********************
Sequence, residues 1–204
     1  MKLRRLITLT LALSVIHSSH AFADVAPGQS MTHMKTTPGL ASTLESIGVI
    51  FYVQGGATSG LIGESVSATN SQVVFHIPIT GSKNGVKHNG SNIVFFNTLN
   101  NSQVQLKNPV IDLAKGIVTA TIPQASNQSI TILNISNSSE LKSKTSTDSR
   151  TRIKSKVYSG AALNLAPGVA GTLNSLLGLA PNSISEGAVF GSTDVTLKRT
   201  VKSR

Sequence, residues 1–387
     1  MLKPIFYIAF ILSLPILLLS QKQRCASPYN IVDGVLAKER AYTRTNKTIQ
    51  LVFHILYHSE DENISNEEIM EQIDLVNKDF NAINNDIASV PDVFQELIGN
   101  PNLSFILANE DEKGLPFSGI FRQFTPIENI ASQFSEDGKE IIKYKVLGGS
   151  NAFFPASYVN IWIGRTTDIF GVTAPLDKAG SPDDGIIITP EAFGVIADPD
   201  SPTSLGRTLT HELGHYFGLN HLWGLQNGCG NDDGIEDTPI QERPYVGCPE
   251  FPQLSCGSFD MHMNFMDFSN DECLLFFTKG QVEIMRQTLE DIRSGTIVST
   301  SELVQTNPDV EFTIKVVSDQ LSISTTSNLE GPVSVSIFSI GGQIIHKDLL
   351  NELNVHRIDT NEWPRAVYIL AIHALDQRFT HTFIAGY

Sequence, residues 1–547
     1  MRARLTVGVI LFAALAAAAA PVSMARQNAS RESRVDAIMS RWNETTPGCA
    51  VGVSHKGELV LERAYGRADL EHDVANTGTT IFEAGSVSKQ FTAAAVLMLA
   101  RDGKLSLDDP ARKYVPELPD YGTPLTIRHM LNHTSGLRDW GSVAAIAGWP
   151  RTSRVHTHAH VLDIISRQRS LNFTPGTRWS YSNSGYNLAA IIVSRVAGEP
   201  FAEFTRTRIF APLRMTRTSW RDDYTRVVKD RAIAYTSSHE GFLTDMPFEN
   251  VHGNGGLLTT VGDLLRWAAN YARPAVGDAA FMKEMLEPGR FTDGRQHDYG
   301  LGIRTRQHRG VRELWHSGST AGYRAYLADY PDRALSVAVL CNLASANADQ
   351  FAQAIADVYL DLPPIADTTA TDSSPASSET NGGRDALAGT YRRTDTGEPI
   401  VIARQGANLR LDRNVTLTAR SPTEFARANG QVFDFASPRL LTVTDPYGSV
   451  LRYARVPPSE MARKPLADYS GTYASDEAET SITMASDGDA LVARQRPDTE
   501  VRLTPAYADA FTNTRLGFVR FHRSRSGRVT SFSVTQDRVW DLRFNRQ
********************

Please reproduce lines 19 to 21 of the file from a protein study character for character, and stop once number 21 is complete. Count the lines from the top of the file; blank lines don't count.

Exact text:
   101  RDGKLSLDDP ARKYVPELPD YGTPLTIRHM LNHTSGLRDW GSVAAIAGWP
   151  RTSRVHTHAH VLDIISRQRS LNFTPGTRWS YSNSGYNLAA IIVSRVAGEP
   201  FAEFTRTRIF APLRMTRTSW RDDYTRVVKD RAIAYTSSHE GFLTDMPFEN